The autonomous electric vehicle, Part 1
If you aren't current on the latest automotive trends, here's a quick primer: electric cars are here to stay, with autonomous electric cars not too far behind.
That is, once legislators and carmakers lick the small issue of having a machine take the wheel without any human intervention at any point. Aside from having the human passengers tell the car where it needs to go, of course.
But before we even get there, we're also going to have to take a long, hard look at how the car fits into our lives today.
For instance, will we still even want to own cars, or will we just do the rideshare thing exclusively? It's already happening now, but the only difference is in the future the human behind the wheel might go away.
And what of the manufacturers? Since many will stop selling to private individuals and instead sell most of their wares to fleets, will we start to see car brands the way we see aircraft manufacturers like Airbus or Boeing?
What will the cars these manufacturers make look like? When a car is freed of needing a driver's seat, the entire interior can be dedicated to a living space, which opens up whole new avenues of engineering and indeed, design. Will the self-driving car of tomorrow look anything like the car of today?
There's also the small issue of safety. While it's a certainty autonomous cars of the future will be as safe as houses (if not more so), what isn't is the question of legal liability.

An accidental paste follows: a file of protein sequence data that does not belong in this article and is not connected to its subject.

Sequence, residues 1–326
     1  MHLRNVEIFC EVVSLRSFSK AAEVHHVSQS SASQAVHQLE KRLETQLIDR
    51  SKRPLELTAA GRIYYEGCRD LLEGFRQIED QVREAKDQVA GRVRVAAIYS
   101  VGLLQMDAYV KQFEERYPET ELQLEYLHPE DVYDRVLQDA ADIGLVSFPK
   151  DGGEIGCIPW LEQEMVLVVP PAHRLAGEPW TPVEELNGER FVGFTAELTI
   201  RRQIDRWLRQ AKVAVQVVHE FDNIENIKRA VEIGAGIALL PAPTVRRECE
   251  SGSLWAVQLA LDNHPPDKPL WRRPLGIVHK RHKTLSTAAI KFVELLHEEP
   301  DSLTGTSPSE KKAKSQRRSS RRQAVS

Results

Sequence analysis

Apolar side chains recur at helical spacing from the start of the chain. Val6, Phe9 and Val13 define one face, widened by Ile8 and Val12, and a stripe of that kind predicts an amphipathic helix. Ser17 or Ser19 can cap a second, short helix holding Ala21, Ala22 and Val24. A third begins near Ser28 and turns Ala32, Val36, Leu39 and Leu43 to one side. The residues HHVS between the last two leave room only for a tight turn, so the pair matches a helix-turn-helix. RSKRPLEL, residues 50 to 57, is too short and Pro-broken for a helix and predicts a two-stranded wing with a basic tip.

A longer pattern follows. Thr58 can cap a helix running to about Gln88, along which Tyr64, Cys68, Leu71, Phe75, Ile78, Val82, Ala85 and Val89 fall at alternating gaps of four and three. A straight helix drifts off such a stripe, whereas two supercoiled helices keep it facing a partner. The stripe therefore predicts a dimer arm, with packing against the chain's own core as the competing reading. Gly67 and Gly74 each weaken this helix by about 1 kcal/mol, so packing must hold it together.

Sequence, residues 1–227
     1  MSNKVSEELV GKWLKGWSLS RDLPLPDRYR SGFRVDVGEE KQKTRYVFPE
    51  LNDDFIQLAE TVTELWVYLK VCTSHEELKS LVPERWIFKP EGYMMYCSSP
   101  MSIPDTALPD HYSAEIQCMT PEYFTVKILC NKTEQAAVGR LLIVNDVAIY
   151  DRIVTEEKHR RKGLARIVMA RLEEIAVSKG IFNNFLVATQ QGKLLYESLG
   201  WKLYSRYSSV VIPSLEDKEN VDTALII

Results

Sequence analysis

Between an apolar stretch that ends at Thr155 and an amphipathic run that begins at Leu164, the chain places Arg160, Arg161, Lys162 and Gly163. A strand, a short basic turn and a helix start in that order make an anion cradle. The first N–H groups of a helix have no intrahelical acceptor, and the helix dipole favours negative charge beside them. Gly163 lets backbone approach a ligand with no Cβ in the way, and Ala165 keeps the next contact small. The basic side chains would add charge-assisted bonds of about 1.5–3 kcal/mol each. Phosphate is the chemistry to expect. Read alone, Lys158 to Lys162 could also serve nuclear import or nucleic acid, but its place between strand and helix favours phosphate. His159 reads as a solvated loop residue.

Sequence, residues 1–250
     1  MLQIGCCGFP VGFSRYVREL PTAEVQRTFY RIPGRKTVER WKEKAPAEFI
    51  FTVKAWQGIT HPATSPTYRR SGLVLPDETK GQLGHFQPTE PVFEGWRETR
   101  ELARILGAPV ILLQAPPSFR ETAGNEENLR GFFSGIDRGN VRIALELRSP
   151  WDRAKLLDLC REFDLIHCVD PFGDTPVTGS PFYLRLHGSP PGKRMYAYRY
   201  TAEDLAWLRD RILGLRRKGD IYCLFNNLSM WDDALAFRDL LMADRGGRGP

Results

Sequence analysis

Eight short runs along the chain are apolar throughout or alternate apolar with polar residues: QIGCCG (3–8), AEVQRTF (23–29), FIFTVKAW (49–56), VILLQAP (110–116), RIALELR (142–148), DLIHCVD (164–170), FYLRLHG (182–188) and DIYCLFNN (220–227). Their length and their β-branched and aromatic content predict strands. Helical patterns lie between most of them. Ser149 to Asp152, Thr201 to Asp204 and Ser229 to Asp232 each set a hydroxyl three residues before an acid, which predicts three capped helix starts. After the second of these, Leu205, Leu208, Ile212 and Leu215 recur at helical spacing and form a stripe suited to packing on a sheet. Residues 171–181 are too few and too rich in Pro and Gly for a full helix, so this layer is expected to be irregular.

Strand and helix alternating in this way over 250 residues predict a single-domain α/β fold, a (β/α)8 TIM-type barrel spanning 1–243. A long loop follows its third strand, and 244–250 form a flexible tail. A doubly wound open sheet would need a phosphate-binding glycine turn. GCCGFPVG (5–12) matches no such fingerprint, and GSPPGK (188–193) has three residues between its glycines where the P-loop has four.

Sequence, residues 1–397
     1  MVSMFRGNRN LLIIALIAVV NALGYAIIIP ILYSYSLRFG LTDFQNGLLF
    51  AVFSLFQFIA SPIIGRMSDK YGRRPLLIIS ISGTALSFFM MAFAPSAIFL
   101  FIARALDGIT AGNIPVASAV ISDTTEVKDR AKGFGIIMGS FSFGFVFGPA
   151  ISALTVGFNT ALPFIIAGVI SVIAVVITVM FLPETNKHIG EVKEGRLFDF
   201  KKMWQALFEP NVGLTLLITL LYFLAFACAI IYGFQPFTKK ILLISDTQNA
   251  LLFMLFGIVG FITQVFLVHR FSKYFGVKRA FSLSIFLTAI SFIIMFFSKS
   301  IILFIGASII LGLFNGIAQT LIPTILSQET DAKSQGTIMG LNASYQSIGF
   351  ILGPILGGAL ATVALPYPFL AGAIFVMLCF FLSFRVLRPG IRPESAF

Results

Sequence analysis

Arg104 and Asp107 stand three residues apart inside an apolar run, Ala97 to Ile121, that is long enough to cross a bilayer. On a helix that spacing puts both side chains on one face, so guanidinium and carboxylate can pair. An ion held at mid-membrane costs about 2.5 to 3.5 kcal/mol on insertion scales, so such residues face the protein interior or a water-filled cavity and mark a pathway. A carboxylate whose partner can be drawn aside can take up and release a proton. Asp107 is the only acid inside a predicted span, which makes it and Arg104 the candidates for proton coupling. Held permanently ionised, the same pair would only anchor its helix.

Who picks up the blame if something goes wrong? Will it be the passenger, the manufacturer or other road users? Or if someone would hack into the car's systems and cause it to intentionally hit someone or otherwise malfunction? What then?
All big questions with no easy answer, but if all of that is something you've thought of, you're going to want to join us over the course of the next couple of months where we'll explore the issues surrounding the autonomous electric car.
And we'll begun by talking about the technology underpinning the self-driving electric car, which funnily enough, is the easiest thing for carmakers to solve, and you only have to cast your mind back a decade when the idea of an electric car was a bit of an novelty. An unfinished, not-yet-ready-for-primetime novelty, to be more specific.
Because the early were converted from regular cars that ran on fossilised dinosaur (that is, petrol or diesel), versus being built from the ground up as electric vehicles (EVs), compromises usually had to be made.
Particularly when it came to the batteries. The bulky, low energy density battery packs available at the time meant EVs of the day had compromised interior space, poor handling largely due to the added weight and inadequate thermal management.
Earlier EVs in the form of the Mitsubishi i-Miev had a range of roughly 120km, and there was the famous case of the experimental Mini E cars having dramatically reduced range (a little over 60km) during one bitterly cold winter. The latter issue is down to how batteries need good cooling/heating in order to perform at their best.
Yes, there was the original Tesla Roadster, which had great range, speed and handling, but that's hardly a car suitable for mass adoption, which a similar case with the Mitsubishi and Mini.
Things got a little better a few years later with the BMW ActiveE and Renault Fluence ZE, which gave real-world ranges in the neighbourhood of 150km, which is decent, but since those cars were still based on non-electric cars, they still weren't perfect.
The tiny external dimensions of the 1 Series-based ActiveE belied its 1.8 tonne kerb weight (not too far off a 7 Series of its day) and in the Fluence, its battery pack severely curtailed available boot space.